A second cut on top of the first hurts more. Incision #1: They told Zeina that her sister Maha was a martyr. Incision #2: Some people from her village, or possibly from a regional Hezbollah chapter, had the fresh bodies from Khirbet Selm dug up in the government mass grave in a distant town. The bodies were driven back to Khirbet Selm and paraded through the village while a man on the back of a modified pick-up truck, decked out in green and yellow, lead the crowd in chants: “Israel, Israel, enemy of the Muslims” “When you call us, Prophet Hussein, we answer ‘Present!’”
Zeina’s son Karim was also killed by the Israeli airstrikes. That’s the intended kicker at the end of the 2007 movie, Under the Bombs. They were hunting a ghost—or, rather, another kid wearing the dead Karim’s clothing.
It’s hard to tell what is real and what isn’t in Under the Bombs. Director Philippe Aractingi started filming his movie about the confusing aftermath of the July War just two days after it ended. The two professional actors travel through the real landscape of destroyed South Lebanon and confront real people and scenes, relying on both scripts and improvisation to craft a fictional narrative against the backdrop of an ongoing reality. I don’t think they staged the public funeral scene. I don’t think they could have.
Finding out that Karim was dead all along is disturbing, but for me the funeral scene was the climax of the nightmare. “Let them bury her themselves,” says Zeina. “They didn’t ask her opinion. Nor mine either.” The character of Maha Noureddine was not a Hezbollah soldier. Viewers don’t even know her political opinions. Well over a thousand people were killed by the airstrikes, most of them civilians. But the Lebanese government doesn’t subdivide the death toll into combatants and noncombatants. Colloquially, they’re all called martyrs.
Mleeta is a museum cum monument to The Resistance. It reads kind of like something from Herodotus or Thucydides in the way it chronicles the strength, courage, and cunning of the resistance fighters in 2006. “The first Arab fighting force to defeat the Zionists in battle.” It is at times somber, but overwhelmingly triumphant. Visitors can buy a green and yellow shirt if they’re daring enough to try to bring it through customs.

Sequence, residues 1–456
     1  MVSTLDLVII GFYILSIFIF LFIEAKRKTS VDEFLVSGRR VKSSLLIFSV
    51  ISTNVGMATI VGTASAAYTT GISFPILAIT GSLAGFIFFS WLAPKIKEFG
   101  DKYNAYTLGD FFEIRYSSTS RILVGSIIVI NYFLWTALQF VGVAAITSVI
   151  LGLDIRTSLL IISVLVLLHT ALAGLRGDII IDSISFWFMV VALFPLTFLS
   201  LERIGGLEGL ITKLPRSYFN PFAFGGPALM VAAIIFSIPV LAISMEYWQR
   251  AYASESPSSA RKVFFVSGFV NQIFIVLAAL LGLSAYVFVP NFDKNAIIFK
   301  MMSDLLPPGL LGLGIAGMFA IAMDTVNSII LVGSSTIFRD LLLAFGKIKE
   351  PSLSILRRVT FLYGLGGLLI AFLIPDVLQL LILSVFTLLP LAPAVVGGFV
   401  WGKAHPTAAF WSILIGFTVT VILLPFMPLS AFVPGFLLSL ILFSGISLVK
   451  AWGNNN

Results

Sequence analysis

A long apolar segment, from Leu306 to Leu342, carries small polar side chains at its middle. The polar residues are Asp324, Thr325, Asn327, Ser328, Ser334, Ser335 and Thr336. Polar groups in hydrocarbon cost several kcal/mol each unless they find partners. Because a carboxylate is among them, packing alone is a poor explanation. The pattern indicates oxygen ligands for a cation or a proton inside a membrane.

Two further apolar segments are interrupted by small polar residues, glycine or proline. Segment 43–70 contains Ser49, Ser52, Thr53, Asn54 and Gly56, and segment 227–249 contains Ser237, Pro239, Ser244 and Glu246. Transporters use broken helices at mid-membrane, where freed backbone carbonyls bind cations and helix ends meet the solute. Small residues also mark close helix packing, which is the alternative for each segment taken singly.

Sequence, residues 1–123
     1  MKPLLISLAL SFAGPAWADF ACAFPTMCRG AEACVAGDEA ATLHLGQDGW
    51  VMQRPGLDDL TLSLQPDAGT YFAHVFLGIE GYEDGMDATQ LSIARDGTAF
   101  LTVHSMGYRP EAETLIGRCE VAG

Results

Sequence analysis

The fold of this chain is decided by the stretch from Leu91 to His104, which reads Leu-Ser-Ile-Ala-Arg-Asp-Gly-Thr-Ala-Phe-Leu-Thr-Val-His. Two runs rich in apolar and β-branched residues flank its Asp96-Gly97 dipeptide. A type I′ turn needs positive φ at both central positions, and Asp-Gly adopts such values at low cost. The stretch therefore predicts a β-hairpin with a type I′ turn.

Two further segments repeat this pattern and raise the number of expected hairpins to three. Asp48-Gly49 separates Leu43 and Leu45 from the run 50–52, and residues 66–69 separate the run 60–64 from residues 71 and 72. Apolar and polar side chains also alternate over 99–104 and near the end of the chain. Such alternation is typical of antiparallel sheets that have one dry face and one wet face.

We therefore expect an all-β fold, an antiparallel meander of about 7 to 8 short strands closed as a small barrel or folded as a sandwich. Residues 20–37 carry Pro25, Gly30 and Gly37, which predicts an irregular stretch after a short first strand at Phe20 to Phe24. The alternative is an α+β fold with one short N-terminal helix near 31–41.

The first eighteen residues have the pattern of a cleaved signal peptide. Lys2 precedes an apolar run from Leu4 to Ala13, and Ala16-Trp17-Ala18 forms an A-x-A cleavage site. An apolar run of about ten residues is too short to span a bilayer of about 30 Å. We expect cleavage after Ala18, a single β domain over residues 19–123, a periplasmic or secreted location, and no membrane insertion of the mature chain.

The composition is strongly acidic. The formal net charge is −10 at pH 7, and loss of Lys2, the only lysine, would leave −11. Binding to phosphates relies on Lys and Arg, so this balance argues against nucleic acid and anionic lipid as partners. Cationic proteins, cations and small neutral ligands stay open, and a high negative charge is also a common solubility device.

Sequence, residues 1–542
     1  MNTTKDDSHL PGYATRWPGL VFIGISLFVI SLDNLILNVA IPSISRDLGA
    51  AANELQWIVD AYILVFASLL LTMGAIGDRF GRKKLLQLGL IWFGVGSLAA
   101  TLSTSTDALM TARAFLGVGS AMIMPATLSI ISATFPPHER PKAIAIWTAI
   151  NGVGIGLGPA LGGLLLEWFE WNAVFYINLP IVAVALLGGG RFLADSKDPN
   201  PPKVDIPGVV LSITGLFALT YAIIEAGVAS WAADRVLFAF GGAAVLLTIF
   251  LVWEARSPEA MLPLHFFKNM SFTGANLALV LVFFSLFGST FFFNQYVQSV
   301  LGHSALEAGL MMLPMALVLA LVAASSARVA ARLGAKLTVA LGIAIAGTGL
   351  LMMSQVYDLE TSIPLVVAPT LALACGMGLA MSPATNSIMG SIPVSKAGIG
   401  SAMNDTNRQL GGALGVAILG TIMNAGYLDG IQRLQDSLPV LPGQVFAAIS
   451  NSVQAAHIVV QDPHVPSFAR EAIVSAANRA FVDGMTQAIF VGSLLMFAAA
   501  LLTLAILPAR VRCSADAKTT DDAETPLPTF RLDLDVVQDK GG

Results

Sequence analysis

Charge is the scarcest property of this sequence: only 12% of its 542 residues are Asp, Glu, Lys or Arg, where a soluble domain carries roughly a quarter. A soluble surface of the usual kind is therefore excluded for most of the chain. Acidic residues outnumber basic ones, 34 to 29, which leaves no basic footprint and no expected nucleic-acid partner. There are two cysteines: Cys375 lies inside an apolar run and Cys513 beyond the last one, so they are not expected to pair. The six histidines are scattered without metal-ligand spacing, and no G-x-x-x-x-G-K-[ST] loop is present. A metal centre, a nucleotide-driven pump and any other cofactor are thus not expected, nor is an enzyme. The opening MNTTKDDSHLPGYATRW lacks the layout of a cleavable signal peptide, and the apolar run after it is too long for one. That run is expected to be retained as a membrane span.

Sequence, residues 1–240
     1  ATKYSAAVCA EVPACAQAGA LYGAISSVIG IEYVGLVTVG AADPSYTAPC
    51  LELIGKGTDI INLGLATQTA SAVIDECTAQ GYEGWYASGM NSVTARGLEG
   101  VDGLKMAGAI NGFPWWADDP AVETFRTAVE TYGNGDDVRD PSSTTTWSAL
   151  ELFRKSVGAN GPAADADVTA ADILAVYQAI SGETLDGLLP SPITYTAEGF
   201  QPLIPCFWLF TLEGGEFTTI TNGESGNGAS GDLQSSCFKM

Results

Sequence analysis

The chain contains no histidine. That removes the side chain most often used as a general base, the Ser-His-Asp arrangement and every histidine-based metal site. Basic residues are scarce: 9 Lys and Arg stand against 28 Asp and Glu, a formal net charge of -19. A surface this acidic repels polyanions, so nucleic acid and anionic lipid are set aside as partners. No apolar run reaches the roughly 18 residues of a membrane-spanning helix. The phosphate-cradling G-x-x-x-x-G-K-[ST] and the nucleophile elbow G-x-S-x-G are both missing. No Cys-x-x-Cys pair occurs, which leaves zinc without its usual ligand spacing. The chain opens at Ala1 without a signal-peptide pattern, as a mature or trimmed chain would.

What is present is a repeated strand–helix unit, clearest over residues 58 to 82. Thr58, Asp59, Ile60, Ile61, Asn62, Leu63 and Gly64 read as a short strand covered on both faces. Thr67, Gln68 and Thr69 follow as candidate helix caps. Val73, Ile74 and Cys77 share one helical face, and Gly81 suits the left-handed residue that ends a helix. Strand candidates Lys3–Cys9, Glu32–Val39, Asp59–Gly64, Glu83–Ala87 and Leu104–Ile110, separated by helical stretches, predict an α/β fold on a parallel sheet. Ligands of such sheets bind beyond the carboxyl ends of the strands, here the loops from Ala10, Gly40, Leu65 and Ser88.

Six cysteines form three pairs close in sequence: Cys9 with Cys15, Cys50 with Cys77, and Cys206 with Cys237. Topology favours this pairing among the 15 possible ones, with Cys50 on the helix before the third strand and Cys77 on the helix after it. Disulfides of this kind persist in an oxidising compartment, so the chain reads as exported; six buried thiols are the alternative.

I felt a little sick on the car ride back. I couldn’t help but wonder what happened immediately before and after Hezbollah discovered the Israeli spies whose forged papers were on display. I didn’t want to think about it. Better to admire how polite the Hezbollies were—right? My friend was prodding me. She wanted me to agree that they’re not so scary. The tour guide was very formal—dressed neatly in a blue button-down and chinos, saying “God bless you” every time I sneezed. He had spent seven years living in Canada, he told us. So he was once a Lebanese person living in the West, just like I am. Surely he wouldn’t have begrudged me my American passport?
“So do you think they’re terrorists?” she asked me.
“Akid la,” another friend interrupted, “they are protecting us from Israel.” I don’t remember what car passenger number four said. She never says anything political.
“Do you know why I’m proud of us?” asked my first friend.
“We didn’t let them walk all over us. We refused to live in fear... This is what I would say to the Western media. I am proud of my country. The morning the Israelis bombed the bridge on the way to work, I still went to work. I went around the bridge, yaneh, I wouldn’t let them stop me from living my life.” So much of our lives are spent thinking about what we would tell the West about ourselves. Even Samir Kassir’s Being Arab had to be content with “demonstrating the possibility of conducting a debate that is both about Arabs and for Arabs.” Do the eager translators of references (aren’t I one?) realize that Americans don’t see the pleas addressed to them on LBCI?
“But was it worth it?” I demanded. “It is easy for them to declare war on Israel, but the whole Lebanese people pay the price when the Israelis bomb the entire country. How many Hezbollah fighters died? And how many people who had nothing to do with them, who didn’t even support them, were killed? And look at us, we’re going to pay for the bridges, and the airport, and the power grid—not them. And they have the audacity to claim that a thousand people were martyred. It was their war, not ours. They fought it for Syria and Iran.”
“Of course they were martyred,” she said. “They died for all of us.”